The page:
Tuesday, September 16, 2014

Should you jump into the bandwagon?

In one of our meaty discussions with a colleague about innovation technology, from floppy disk to zip drives, from PCMCIA WIFI to SD WIFI, from a PDA to smartphone, from WAP to 3G, and every changes in the technological nook, we came across a discussion whether migrating from a laptop into a chromebook device for an enterprise use is an innovative move, or whether it is a sound innovation, here is my thought on the matter: 

What I like (grins):
  • IT folks can spend more time doing infrastructure improvement rather than maintenance program. That means they don't have to waste an awful lot of time tinkering on your corrupted application, error codes, ghost processes, and re-imaging your drive. Chromebook is a browser-based device and everything pretty much sits in a web-based content. 
  • Team effort spans across technology-based endeavor and that includes collaborative scenarios. Chromebooks reinforce this value and empower a user to have an enriched collaborative opportunities with colleagues and business partners. 
What I don't like (grimaces):
  • It is heavily dependent on a stable internet infrastructure. And business applications are not necessarily built this way. Users will have to file a vacation leave at the PeopleSoft, developers are working on SAP Netweaver, business analysts rely heavily on offline reports toolkits. Unless huge business applications tread on going online as their future roadmap, we will have to wait for that technological maturity to fully maximize end user experience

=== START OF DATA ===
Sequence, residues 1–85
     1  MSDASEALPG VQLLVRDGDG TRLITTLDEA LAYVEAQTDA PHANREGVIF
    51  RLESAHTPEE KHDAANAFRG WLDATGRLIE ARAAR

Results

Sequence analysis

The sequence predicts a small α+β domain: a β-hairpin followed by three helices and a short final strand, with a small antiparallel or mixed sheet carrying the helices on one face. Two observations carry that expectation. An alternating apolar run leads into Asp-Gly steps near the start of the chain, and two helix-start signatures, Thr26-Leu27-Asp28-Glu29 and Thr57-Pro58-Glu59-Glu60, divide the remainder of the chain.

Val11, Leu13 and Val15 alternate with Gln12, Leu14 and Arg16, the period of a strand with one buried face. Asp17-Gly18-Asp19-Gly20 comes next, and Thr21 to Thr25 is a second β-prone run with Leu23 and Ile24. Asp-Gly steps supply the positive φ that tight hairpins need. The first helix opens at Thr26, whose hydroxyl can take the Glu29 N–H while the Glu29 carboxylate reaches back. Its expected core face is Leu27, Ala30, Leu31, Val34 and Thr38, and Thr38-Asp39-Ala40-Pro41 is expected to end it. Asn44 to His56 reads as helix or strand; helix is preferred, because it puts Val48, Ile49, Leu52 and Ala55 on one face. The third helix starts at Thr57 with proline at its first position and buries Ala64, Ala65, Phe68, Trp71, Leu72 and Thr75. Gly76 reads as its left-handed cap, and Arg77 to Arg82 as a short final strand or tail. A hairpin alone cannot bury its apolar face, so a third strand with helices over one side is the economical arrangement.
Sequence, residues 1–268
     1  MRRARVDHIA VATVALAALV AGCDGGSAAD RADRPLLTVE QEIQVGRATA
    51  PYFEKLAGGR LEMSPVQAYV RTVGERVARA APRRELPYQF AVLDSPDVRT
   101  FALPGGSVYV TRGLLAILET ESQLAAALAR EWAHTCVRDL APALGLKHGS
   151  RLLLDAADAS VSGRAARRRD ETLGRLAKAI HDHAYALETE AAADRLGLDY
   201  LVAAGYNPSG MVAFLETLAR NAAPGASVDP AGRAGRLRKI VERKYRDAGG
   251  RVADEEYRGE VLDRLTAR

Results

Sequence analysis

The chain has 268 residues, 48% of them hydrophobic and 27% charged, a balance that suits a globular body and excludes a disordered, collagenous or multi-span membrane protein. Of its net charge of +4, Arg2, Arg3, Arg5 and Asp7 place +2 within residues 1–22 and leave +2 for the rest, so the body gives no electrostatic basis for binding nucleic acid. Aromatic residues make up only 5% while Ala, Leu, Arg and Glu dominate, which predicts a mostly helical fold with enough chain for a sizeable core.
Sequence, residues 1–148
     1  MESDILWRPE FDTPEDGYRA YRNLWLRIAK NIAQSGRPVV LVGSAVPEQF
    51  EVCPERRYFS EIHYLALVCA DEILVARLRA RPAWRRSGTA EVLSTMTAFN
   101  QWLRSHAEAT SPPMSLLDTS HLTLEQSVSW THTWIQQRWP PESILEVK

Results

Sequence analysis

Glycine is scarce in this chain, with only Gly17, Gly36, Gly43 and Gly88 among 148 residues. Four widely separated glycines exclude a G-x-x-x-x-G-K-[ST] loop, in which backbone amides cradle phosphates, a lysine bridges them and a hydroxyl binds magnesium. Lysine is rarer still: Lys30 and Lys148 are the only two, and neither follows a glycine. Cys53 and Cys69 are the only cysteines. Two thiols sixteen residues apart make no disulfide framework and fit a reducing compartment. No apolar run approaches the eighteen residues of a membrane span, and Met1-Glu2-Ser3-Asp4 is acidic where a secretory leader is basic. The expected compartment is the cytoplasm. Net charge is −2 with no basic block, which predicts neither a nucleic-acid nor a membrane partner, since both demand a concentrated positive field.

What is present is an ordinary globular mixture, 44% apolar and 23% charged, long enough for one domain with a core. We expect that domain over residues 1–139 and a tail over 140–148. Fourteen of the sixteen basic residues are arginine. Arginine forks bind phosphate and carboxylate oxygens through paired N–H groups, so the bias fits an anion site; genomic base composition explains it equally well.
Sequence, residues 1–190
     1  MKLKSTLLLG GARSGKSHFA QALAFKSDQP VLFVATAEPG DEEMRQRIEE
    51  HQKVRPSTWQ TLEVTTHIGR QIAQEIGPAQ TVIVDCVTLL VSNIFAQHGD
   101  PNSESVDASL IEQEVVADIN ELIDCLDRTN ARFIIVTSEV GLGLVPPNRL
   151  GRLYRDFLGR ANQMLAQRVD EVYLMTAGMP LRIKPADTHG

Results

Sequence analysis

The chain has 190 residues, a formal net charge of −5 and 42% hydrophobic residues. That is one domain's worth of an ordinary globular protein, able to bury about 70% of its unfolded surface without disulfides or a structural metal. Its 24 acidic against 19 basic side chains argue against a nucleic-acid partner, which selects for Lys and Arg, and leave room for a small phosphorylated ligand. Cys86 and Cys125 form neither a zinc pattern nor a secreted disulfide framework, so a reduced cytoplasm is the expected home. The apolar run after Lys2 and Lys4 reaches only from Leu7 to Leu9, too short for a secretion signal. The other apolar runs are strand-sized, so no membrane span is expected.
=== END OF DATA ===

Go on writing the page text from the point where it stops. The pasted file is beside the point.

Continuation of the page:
• If a company has a lousy policy on cloud transformation, then it has a lousy security safety nets on cloud infrastructure as well, which makes storing your employee productivity a monumental risk than it already is in an offline environment. So the solution, strengthen the cloud security measure(including policy and governance) first, and only then can you be feel safe into the "cloud 9" of any cloud-based device. 

Should one jump into the bandwagon? It doesn't really matter. What matters is that one should have an anticipation mindset on its future consequence.

In my case, innovation is neither the heart of what I want,  nor does any revolutionary first dibbs. I value more on the maturity and readiness, the one that I am certain that the few benefits outweigh the flurry of risks. 

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